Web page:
British scientists have developed a new 'quantum dot technology' that might revolutionise the television viewing to the next level. The quantum dot televisions can be rolled up and can be carried around in a pocket, the Telegraph has reported.
The technology uses 'quantum dots,' a new form of light emitting crystals which can be used to produce ultra thin televisions. These tiny crystals are 100,000 times smaller than the width of a human hair and can be printed on to plastic sheets to produce a paper-thin display or onto wallpaper to create giant room-size screens.
Replacing the Light Emitting Diodes (LED) in televisions with quantum dots could minimize the thickness, claimed the scientists at the Manchester University who are behind the new technology.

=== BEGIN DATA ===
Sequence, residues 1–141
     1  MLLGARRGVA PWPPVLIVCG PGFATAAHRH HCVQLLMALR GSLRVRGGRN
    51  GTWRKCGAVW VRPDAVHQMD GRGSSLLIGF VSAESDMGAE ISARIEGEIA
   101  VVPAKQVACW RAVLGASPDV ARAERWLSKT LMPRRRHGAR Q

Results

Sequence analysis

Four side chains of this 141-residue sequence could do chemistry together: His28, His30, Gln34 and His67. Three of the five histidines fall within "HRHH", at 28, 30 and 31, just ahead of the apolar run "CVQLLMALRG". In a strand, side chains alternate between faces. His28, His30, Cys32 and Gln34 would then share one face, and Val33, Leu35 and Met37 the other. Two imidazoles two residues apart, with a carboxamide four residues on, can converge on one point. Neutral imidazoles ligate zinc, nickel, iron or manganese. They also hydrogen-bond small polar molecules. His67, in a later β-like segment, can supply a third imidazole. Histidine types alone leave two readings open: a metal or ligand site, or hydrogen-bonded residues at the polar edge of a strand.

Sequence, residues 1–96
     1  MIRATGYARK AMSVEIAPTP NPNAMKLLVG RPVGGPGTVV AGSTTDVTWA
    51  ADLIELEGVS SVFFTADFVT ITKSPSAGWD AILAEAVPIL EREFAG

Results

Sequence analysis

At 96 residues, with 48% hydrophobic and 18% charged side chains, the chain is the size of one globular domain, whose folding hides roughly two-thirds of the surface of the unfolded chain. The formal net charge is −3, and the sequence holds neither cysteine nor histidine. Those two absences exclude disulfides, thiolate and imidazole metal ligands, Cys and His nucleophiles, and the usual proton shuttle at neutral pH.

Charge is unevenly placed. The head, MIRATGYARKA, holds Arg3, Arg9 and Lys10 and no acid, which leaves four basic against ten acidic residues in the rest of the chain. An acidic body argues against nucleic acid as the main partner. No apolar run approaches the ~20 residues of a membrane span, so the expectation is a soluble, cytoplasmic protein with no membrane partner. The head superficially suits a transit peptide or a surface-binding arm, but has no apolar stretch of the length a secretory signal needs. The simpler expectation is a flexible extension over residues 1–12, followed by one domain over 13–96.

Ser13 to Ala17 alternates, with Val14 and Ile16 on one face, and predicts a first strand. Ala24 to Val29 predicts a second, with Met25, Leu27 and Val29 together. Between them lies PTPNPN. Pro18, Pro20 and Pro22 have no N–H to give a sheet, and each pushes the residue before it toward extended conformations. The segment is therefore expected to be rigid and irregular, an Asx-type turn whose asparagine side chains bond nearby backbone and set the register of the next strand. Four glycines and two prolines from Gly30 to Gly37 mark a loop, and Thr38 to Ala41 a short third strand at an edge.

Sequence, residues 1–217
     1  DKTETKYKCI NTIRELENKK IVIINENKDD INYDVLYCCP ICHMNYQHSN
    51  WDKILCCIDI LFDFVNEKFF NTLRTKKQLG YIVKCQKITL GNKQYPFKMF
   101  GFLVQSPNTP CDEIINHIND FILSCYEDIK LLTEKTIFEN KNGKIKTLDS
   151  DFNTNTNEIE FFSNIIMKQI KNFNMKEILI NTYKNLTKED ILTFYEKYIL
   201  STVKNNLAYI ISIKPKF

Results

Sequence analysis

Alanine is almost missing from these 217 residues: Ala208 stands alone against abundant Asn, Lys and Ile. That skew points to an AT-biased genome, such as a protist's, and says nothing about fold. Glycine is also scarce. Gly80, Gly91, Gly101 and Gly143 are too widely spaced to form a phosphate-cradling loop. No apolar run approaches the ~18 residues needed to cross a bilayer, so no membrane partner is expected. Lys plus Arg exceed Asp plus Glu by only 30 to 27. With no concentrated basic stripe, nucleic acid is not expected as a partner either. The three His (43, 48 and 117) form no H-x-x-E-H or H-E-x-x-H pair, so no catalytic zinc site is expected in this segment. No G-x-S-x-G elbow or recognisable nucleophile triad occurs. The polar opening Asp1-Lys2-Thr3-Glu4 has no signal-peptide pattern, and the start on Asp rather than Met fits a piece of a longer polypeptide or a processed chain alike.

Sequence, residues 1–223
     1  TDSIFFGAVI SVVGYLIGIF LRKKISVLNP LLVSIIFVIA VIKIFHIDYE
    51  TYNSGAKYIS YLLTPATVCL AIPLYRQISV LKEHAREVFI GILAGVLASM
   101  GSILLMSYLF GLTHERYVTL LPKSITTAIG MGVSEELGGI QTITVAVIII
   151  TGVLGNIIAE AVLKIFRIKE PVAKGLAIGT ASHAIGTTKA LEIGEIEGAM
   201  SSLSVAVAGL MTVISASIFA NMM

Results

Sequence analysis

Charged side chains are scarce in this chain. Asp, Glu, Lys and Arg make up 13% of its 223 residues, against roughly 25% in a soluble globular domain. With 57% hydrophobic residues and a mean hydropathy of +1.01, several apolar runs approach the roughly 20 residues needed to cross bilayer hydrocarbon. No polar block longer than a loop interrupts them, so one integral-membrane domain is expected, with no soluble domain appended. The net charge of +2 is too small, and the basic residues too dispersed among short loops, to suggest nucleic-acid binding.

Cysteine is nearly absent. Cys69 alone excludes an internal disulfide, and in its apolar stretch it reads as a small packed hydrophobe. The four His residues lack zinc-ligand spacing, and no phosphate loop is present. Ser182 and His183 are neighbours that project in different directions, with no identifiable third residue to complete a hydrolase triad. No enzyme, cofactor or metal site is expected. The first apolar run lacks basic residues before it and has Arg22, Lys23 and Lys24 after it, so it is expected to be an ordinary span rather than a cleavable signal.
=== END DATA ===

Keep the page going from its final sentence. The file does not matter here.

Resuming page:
The quantum dot televisions would be available in markets by the end of next year. However, a flexible version might take at least three years to reach the market, according to the scientists.
Many major electronic companies like Sony, Sharp, Samsung and LG are believed to have started working on the quantum dot television technology.
"We are working with some major Asian electronics companies. The first products we are expecting to come to market using quantum dots will be the next generation of flat-screen televisions," the Telegraph has quoted Michael Edelman, chief executive of Nanoco, a company set up by the scientists.
"Something else we are looking at is reels of wallpaper or curtains made out of a material that has quantum dots printed on it. You can imagine displaying scenes of the sun rising over a beach as you wake up in the morning," he added.
Quantum dots are made from cheaper semi-conducting materials that emit light when energised by electricity or ultraviolet light.